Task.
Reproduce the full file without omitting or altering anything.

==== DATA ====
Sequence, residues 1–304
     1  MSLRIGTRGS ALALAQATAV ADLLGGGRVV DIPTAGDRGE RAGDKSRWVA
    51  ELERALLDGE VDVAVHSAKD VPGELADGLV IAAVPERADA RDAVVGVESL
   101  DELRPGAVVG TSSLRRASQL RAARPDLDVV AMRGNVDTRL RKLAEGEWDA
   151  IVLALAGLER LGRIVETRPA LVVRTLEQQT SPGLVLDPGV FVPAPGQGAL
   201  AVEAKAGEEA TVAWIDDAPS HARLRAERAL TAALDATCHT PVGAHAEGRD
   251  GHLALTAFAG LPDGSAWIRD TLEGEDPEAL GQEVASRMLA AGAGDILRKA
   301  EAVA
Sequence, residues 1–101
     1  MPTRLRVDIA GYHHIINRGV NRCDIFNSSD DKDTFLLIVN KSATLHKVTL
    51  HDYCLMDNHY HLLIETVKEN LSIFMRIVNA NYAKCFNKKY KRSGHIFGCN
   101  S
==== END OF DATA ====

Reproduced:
Sequence, residues 1–304
     1  MSLRIGTRGS ALALAQATAV ADLLGGGRVV DIPTAGDRGE RAGDKSRWVA
    51  ELERALLDGE VDVAVHSAKD VPGELADGLV IAAVPERADA RDAVVGVESL
   101  DELRPGAVVG TSSLRRASQL RAARPDLDVV AMRGNVDTRL RKLAEGEWDA
   151  IVLALAGLER LGRIVETRPA LVVRTLEQQT SPGLVLDPGV FVPAPGQGAL
   201  AVEAKAGEEA TVAWIDDAPS HARLRAERAL TAALDATCHT PVGAHAEGRD
   251  GHLALTAFAG LPDGSAWIRD TLEGEDPEAL GQEVASRMLA AGAGDILRKA
   301  EAVA
Sequence, residues 1–101
     1  MPTRLRVDIA GYHHIINRGV NRCDIFNSSD DKDTFLLIVN KSATLHKVTL
    51  HDYCLMDNHY HLLIETVKEN LSIFMRIVNA NYAKCFNKKY KRSGHIFGCN
   101  S